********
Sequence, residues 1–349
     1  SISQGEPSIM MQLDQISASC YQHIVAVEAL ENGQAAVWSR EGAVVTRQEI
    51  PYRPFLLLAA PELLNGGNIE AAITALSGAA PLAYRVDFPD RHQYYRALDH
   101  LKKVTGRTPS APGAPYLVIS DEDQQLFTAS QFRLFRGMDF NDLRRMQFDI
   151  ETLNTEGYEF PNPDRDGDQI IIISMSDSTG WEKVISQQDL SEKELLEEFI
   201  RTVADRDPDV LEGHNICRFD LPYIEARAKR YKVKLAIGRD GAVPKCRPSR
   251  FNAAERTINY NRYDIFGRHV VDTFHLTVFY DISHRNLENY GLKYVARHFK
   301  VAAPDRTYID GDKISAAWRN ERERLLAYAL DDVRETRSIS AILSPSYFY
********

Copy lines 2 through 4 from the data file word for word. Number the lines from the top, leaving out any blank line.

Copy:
     1  SISQGEPSIM MQLDQISASC YQHIVAVEAL ENGQAAVWSR EGAVVTRQEI
    51  PYRPFLLLAA PELLNGGNIE AAITALSGAA PLAYRVDFPD RHQYYRALDH
   101  LKKVTGRTPS APGAPYLVIS DEDQQLFTAS QFRLFRGMDF NDLRRMQFDI